Free Expression Poetry Club empowers students, seeks new members through new methods of recruitment

April 18, 2017

Halle Thornton

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     William Shakespeare isn’t the only person who can make people feel inspired by words.

     Students can have a similar impact through the Free Expression Poetry Club.

     Four members are part of the Free Expression Poetry Club this semester, including club president Isioma West.

     Recruiting new members has been a challenge for the club, according to West, who is encouraging more workshops for other clubs to get students interested.

     “I’ve been focusing more on events around workshops that people can see that poetry isn’t just Shakespeare, (or) formal kind of stuff,” said West, a senior computer science major.

     Last semester, the Latino Student Union came to a workshop hosted by the club. The turnout was great, according to West.

     Finding one’s voice was the theme of the workshop. All of the attendees wrote a poem that began with “I am,” and at the end of the workshops, people shared what they had written.

     This semester, the club invited Transmission, the transgender alliance club on campus, to come to a workshop where self acceptance was encouraged through worksheets.

     “I talked to an officer of that club (Transmission), and we decided that (self acceptance) was very important to go over with the rest of the club,” said West.

     The club is a safe environment for people to come and feel accepted, said West.

     “A lot of it is just conversation. That’s what I try and stress when I am recruiting members,” he said.

     During the weekly meeting, the club shares any new or old poetry they have written in the past week, conducts workshops, free writes or follows a specific prompt.

     At the end of the meeting, members have the opportunity to share their original work.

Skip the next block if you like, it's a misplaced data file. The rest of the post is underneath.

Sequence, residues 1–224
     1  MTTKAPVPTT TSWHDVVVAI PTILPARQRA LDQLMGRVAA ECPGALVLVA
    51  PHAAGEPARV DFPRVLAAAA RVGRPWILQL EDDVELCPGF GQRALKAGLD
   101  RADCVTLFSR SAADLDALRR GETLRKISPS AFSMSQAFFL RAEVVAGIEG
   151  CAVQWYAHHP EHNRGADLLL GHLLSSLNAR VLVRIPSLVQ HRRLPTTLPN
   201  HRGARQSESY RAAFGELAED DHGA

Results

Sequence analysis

Senior sociology major Bettina Bich, vice president of the club, joined the club in 2015 when she attended an open-mic night at Clyde’s.

     Bich said that her favorite part of the club is the ability to feel comfortable sharing her work. “It’s hard as a writer to get feedback and have a safe environment to do so.

     It’s nice to have a kind, courteous environment to grow as a writer,” she added.

     According to Bich, the biggest challenge for the club has been the idea that three of the four members are graduating in the spring, and that the poetry movement seems to be falling flat.

     “My biggest concern is how do we keep the club alive after we’re gone?” said Bich.

     In the past, the club has hosted open-mic nights at Clyde’s, but West is shifting from spoken word to written word.

     West has been working with the library and the Free Talk series as well. There will be a celebration for National Poetry Month from 7-8:30 p.m. in the third floor apse.

     “Poetry is a way of empowerment, and it’s also therapeutic because you start conversations and you tell people your story. A lot of people don’t know that,” said West.

     The Free Expression Poetry Club meets every Thursday from 5:00-8:30 p.m. in the MOSAIC office.

     For more information about the club, visit Mountain Lion Connect, or visit the club’s Facebook page.